Okay, so it follows that a consideration of gear will make a difference for success when trolling for walleye on the Red River. It seems as though the thinner the line the more quickly you are able to send a crank bait to the bottom. Be sure that your reel is filled with enough line as on some days depending upon a whole number of factors you'll need a lot more than you thought necessary. Current and speed of boat are going to be two factors that will also have an impact upon the ability of a crankbait to dive. Normally when you can't get to the bottom, with what you normally use on the red, you'll have to switch to a crankbait that dives even deeper. I find that buying a series of crankbaits that dive down 30 feet will allow me to troll to at least 15 feet on the red on most days. In addition to the variety of cranks required I do like to use a snap swivel when trolling as it facilitates a quick change of cranks to get to that depth and it will save your line from twisting should the crank become fouled. And then there are those situations later on in the season where a fine seven-strand wire leader could be added as pike seem to invade the river later on in October and the possibility to loose a crank or two to these toothy critters increases.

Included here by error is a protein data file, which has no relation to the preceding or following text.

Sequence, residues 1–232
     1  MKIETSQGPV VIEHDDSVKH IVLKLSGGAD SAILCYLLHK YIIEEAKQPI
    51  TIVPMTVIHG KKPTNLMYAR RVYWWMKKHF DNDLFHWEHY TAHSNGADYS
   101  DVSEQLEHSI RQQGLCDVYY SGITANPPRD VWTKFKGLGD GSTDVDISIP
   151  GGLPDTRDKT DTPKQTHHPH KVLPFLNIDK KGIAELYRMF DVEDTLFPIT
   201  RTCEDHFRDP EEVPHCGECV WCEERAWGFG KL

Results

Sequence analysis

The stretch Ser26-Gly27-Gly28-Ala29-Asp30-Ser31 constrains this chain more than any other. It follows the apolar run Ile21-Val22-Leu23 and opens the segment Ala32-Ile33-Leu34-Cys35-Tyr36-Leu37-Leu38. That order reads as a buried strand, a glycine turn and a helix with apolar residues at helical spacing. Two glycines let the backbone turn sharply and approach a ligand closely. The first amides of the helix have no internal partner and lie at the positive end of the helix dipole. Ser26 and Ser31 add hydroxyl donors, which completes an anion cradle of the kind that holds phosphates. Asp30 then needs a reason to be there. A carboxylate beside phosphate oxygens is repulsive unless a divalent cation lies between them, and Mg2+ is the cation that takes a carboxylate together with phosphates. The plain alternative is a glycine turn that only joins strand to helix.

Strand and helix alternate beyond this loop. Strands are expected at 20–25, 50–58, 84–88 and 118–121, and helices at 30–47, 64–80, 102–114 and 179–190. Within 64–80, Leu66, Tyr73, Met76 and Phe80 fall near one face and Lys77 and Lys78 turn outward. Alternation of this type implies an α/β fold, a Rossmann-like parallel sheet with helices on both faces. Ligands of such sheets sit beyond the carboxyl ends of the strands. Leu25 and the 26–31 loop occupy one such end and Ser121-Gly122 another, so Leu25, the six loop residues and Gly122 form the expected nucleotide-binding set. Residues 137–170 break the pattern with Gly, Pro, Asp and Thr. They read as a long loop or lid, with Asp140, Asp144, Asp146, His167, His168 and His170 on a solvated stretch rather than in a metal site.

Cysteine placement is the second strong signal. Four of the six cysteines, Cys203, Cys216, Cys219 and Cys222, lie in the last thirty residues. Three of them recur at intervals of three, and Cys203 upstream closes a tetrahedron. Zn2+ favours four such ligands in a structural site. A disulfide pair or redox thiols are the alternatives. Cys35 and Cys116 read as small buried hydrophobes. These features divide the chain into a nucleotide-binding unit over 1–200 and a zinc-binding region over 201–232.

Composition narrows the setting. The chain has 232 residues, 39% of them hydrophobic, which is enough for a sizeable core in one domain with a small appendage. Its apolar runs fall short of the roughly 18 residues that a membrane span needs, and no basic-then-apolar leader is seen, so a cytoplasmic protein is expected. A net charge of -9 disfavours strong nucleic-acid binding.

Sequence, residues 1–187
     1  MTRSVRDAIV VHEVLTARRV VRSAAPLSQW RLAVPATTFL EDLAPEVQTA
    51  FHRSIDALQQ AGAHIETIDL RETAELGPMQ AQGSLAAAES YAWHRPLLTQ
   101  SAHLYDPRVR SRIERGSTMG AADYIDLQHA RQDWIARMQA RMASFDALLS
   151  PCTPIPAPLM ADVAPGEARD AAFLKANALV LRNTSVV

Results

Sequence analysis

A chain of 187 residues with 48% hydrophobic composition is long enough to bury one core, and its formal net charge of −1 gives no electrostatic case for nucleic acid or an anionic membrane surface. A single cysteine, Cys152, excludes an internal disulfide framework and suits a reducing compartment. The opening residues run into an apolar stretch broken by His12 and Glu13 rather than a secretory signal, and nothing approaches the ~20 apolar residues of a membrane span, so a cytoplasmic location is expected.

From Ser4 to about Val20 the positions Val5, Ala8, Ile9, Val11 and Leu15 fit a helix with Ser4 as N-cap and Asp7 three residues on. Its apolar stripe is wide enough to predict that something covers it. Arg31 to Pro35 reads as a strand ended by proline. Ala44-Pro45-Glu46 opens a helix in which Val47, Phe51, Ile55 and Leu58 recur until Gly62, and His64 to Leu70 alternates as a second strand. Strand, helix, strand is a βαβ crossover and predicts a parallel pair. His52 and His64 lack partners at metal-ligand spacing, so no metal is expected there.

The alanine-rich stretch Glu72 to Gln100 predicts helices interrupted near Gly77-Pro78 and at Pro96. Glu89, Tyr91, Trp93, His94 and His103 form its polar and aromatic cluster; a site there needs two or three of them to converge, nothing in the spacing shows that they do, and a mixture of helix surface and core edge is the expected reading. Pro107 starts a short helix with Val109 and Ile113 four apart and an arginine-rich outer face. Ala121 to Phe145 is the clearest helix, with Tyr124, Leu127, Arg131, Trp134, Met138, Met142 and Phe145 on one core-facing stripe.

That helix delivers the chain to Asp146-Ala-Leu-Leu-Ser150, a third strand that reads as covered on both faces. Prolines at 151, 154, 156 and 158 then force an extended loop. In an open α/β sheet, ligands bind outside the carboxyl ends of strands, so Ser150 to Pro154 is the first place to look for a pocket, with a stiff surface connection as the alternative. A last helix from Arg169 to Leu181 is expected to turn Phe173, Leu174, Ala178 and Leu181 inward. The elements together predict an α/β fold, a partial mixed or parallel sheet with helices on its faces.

With regards to the rod and reel that I'll use a number of possibilities exist. Firstly I find that a baitcaster to be perhaps the best tool in general to assist in the practice of trolling. A baitcaster that has a large spool capable of carrying at least 200 yards of 20# fire line is required for successful trolling on the Red. As for a Rod I find that a stiffer rod is better as it relays information more effectively on what the bottom is like and how the fish are taking the crank. Softer has its strengths as well in so far as it will absorb the power head shakes of a walleye during the fight and it will load up longer when the inevitable snag occurs. To allay the prior two difficulties I make an adjustment of drag to compensate for a hard fighting trophy walleye or an immovable snag.

So its only at this point that I can finally get to the focus of this article – the crank bait and trolling it. So what crank bait needs to be chosen to do the job? A number of options exist with regards to crank baits. Firstly there is no crank bait too small to use on the Red. Of course smaller crank baits will be limited to use in shallower water but, there's a time of day when even a smaller crankbait can be effective on normal fishing lines. Most of your trolling will occur between 11 and 16 feet with 16 to 20 feet being a rarer option. Regular ten pound test superlines will get most cranks down to their desired depths.